Articles by David A. Taylor

Nine out of 10 malaria victims live in Africa, most of them children under the age of five.

Innovation for Good

West African Scientists Are Leading the Science Behind a Malaria Vaccine

Researchers in Mali have been working for decades on the treatment that's now in the final phase of clinical trials

A dedication marker outside of the damaged Prince Hall Masonic Lodge.

Black Soldiers Played an Undeniable but Largely Unheralded Role in Founding the United States

Veterans like Prince Hall fought for independence and then abolition in the earliest days of the nation

When she learned to play the theremin, Dorit Chrysler was struck by its emotional expressiveness.

A Century Ago, This Eerie-Sounding Instrument Ushered in Electronic Music

Now, the theremin—a strange little invention that translates hand gestures into pitch and volume—could make a comeback

The author likes to think the lunar rover's design was informed in part by his father's experience retooling the family station wagon.

From the Family Station Wagon to the Apollo Lunar Rover, My Dad's Engineering Talent Had No Limits

Stricken with polio as an adult, he retired from the military and joined NASA's ingenious design team

It was during another experiment in his lab that Naohiro Kato realized that microalgae might be a good ingredient for bioplastic.

Made From Microalgae, These Mardi Gras Beads Are Biodegradable

Louisiana State University molecular biologist Naohiro Kato is confronting plastic pollution one necklace and doubloon at a time

The Hell Gate Bridge in NY, one of the main targets

The Inside Story of How a Nazi Plot to Sabotage the U.S. War Effort Was Foiled

J. Edgar Hoover’s FBI took the credit, but it was really only because of a German defector that the plans were blown

Italian-Americans were placed under suspicion when the United States entered World War II.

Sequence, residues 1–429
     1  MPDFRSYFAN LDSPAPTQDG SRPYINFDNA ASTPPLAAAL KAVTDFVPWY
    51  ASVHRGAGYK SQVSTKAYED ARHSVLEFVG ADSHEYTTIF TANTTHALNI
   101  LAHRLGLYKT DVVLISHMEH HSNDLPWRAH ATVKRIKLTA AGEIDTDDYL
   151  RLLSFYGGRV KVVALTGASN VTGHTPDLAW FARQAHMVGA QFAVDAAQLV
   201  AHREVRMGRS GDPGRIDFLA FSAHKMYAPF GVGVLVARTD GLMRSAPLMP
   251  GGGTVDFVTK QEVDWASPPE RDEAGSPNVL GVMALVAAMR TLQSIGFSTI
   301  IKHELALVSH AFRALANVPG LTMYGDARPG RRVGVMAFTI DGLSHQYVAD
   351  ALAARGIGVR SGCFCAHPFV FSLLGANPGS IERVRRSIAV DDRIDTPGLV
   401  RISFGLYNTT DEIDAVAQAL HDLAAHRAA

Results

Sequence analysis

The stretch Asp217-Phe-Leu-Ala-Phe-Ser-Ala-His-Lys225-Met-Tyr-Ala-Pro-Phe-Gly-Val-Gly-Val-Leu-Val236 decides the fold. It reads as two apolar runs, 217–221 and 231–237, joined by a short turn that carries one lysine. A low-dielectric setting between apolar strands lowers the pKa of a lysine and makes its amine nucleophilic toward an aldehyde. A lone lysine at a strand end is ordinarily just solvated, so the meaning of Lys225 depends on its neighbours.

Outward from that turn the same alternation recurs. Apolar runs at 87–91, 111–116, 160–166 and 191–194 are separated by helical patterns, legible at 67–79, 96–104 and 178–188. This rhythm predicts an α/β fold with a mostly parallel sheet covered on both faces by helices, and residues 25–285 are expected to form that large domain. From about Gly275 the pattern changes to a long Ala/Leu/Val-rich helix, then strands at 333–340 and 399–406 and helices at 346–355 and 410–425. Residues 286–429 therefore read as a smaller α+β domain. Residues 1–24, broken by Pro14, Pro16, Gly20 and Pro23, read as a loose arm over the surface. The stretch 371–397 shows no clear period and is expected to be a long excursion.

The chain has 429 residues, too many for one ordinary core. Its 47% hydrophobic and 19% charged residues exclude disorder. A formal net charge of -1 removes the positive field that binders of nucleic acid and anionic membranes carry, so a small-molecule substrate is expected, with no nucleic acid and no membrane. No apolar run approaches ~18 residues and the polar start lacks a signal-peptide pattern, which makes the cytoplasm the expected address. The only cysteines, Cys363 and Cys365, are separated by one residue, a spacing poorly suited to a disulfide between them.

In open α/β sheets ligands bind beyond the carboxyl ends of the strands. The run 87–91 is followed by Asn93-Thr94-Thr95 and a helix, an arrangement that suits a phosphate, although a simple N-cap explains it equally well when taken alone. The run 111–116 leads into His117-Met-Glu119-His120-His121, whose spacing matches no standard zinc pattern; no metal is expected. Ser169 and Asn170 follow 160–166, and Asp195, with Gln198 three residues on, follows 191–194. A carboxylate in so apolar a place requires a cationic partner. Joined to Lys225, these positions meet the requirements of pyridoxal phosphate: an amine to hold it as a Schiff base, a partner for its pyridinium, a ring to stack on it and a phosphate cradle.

During World War II, the U.S. Saw Italian-Americans as a Threat to Homeland Security

The executive order that forced Japanese-Americans from their homes also put immigrants from Italy under the watchful eye of the government

Ginseng roots

The Fight Against Ginseng Poaching in the Great Smoky Mountains

A profitable black market for the native shrub pits the National Park Service against poor residents of Appalachia

Conspiracists try to decode Masonic symbols, like those in the temple's stained-glass window.

The Lost Symbol's Masonic Temple

Conspiracy buffs, including author Dan Brown, tour the lavish Washington, D.C. temple of the Freemasons

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Hear Here

Record your life story at a studio in New York City's Grand Central Terminal. You may just make history

American ginseng—whether wild or cultivated (for sale at left in New York)—commands higher prices than Asian varieties.

Getting to the Root of Ginseng

Questions about the herb's health benefits haven't cooled the red-hot market in wild American ginseng

A Noble and Absurd Undertaking

The Federal Writers' Project gave Depression-era writers a second chance...and America its first comprehensive self-portrait

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Tasty Brazil Nuts Stun Harvesters and Scientists

A Smithsonian biologist tracks the protein-rich nuts to understand their role in the Amazonian forest

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Paderewski's Piano

When Polish pianist Ignace Paderewski toured America, he became a celebrity—and boosted Steinway

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The History of the Doughnut

A look back at the men, women and machines that made America’s favorite treat possible

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The Object at Hand

Even as a bust, the real king of Siam turns out to be a more complex chap than the bald-headed caricature made famous by Yul Brynner and others